A recent meeting (focused on the promise and potential of disorienting-transitional moments) directed me to a book by Dr. Hud McWilliams, entitled Discipline of Disturbance: Stop Waiting for Life to be Easy. Some title, huh? I have yet to really dig in but early gleanings may suggest that it’s exactly what this soul needs (maybe what we a lot of us need) – not just at this juncture of Lent but at this juncture of the ”wilderness” into which we have all been plunged (during these days of quarantine and physical distancing). (Here, I am grateful to my extrovert friend, Rev. Vickie Simons, who rightly distinguishes between “social distancing” from “physical distancing” — so that we can respect physical distancing without becoming socially distant!)
Writes McWilliams, early on…
The process of growing into wholeness is messy and brings its own discomfort. Deep in the psyche of the first-world [or American] perspective, it seems that our built-in urge to grow is stalled by the more immediate desire to be comfortable, to be safe, to be sure and certain. In other words, we want to be in control no matter what it costs us. And as we will see, it costs us dearly.
When the pursuit of comfort determines how we live, a move to grow toward wholeness will merely be tolerated and endured (perhaps in the wake of crisis). But it will not be sought out. And even when we experience a moment of genuine growth toward maturity due to loss, grief, betrayal, or some other setback, we hope the process of growth will soon be over. We want more than ever to return to the seeming ease of being in control of our life. We want to complete the process of suffering so we can put it behind us and return to the patterns and routines that pass for safety and comfort.
We are driven to resolve issues, and usually, it’s a good thing to want closure. When you sign up to take a class, you want to complete it. When you enter a race, you want to cross the finish line. However, this mindset overlooks the fact that we are alive. As long as we are alive, things can’t be finished. There is no endpoint. There is no graduation ceremony that certifies we have arrived. Living things always are growing. If they are not growing, they are dead.
Growth is a reality, while quick resolution remains a tantalizing fiction. We create our own confusion when we overlay the idea of completion on organic growth.
–Hud McWilliams, Discipline of Disturbance: Stop Waiting for Life to be Easy, (pp. 16-18)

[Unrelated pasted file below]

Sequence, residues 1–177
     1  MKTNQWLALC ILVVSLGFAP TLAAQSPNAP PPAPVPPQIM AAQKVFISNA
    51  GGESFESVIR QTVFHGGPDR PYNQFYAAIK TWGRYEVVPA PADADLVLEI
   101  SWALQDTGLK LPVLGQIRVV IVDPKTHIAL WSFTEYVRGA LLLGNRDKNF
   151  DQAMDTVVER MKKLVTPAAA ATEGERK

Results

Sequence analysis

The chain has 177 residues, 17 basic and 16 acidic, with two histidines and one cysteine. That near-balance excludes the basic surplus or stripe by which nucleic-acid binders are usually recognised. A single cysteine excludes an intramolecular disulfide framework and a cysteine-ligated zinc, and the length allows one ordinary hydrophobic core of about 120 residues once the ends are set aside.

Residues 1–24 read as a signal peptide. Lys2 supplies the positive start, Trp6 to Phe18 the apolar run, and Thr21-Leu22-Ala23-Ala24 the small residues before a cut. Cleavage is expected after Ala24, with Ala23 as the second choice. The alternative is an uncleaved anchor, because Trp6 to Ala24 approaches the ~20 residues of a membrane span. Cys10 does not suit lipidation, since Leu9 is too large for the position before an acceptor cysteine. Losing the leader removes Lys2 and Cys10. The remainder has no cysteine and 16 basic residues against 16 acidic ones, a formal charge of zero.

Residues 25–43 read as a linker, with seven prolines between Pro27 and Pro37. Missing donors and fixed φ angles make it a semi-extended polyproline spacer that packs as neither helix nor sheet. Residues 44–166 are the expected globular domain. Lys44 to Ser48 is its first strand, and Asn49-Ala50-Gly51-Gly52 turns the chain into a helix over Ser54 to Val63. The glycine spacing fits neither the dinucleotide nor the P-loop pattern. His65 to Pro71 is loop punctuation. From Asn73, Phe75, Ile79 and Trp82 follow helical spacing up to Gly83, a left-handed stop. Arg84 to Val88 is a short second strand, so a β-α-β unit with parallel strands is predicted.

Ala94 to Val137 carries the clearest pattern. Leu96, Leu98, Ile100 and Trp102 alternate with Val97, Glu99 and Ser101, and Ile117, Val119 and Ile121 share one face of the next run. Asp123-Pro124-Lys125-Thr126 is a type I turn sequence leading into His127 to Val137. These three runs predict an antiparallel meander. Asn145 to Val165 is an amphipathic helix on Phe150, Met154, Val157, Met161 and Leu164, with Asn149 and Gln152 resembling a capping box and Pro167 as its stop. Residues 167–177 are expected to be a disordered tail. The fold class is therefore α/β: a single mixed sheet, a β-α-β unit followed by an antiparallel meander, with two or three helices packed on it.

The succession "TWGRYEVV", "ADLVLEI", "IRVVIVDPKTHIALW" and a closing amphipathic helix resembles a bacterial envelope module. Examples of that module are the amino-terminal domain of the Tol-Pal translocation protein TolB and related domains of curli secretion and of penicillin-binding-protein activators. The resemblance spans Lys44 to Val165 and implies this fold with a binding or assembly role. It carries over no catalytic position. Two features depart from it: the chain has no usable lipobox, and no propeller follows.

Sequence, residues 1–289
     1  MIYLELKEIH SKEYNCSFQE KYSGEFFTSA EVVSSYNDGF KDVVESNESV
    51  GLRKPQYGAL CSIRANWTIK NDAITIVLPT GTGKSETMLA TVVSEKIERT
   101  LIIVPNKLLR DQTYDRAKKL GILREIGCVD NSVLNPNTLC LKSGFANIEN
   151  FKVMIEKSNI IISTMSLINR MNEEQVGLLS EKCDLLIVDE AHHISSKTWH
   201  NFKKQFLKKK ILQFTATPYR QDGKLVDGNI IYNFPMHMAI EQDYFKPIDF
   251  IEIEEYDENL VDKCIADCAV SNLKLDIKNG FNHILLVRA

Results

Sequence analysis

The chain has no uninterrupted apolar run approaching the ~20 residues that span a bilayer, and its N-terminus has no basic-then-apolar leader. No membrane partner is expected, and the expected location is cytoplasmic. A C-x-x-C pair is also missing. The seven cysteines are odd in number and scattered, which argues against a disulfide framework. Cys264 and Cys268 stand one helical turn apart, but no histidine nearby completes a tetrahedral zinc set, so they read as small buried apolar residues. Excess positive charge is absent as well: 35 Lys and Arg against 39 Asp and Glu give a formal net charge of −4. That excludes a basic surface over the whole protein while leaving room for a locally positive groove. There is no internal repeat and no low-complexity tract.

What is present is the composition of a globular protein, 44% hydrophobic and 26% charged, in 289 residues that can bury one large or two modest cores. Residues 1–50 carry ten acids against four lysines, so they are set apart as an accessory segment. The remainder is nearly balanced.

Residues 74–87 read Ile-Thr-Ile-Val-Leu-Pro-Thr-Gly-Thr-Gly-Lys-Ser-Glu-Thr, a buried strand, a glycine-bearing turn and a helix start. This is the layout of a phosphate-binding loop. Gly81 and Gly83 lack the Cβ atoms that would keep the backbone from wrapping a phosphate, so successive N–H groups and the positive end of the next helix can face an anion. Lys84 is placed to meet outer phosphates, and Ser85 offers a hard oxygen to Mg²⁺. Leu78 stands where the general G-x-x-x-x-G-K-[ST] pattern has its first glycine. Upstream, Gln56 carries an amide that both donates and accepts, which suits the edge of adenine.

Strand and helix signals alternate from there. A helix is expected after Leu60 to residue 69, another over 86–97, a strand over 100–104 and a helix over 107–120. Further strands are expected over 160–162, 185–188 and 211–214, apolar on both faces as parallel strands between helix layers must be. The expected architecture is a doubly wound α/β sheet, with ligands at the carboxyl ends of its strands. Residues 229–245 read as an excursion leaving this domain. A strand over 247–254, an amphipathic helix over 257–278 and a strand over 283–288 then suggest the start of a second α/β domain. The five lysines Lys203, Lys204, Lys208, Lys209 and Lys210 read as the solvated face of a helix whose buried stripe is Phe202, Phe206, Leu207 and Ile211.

Here, McWilliam’s words and thesis are fitting complements to some of the other spiritual formation discussions we’ve been about at Zoe-Life Explorations.
- Most immediately, I am drawn to the [true] story of the Associate Pastor who was reprimanded for a Mother’s Day prayer (inclusive of all forms of being/having a mother and not being/having a mother) – a prayer that did not hit the mark of making everyone feel good. (To engage that post, click here.)
- More fully, though, “stage of faith” discussions come to mind – especially as they are illuminated by Janet Hagberg’s Critical Journey. Among the dynamics she spotlights are the ways that – whether out of comfort or a fear of change — we can (and do) get stuck or caged at each level of our spiritual development. It’s especially pronounced at a key juncture halfway the spiritual journey of a lot of folks called the “Wall.” It’s not just a hard time in life that constitutes a “Wall” experience. But, it’s a hard time in which the solutions and “answers” of former stages feel empty. It can be a real time of conversion and renewal in a person’s life and faith – so long as they don’t run away from it. The problem is (and here, McWilliams quote asserts itself): a lot of folks do run from the Wall. That, or their churches are hard pressed to help people at the Wall – as they themselves perpetuate (and baptize) the cultural myth that life is all about comfort and safety and certainty. (See related review of article from Pastor David Terpstra at Christianity Today by clicking here.)
Maybe instead of running from the “Walls” of life and living–
maybe instead of enthroning control and comfort in our lives,
we should see and embrace
disturbance and disorientation
for the things that they are or could/should be:
reminders that we are living organisms
(able to respond but not in control)
whose growth and maturation
demand change and promise “growing pains.”
instead of seeing disturbance and disorientation
(and this Lenten “wilderness” we’ve all been thrust into)
as the enemies of happiness and living,
we should see them as the standard features of life that they are–
embracing the lessons they promise to provide
to those who don’t run away.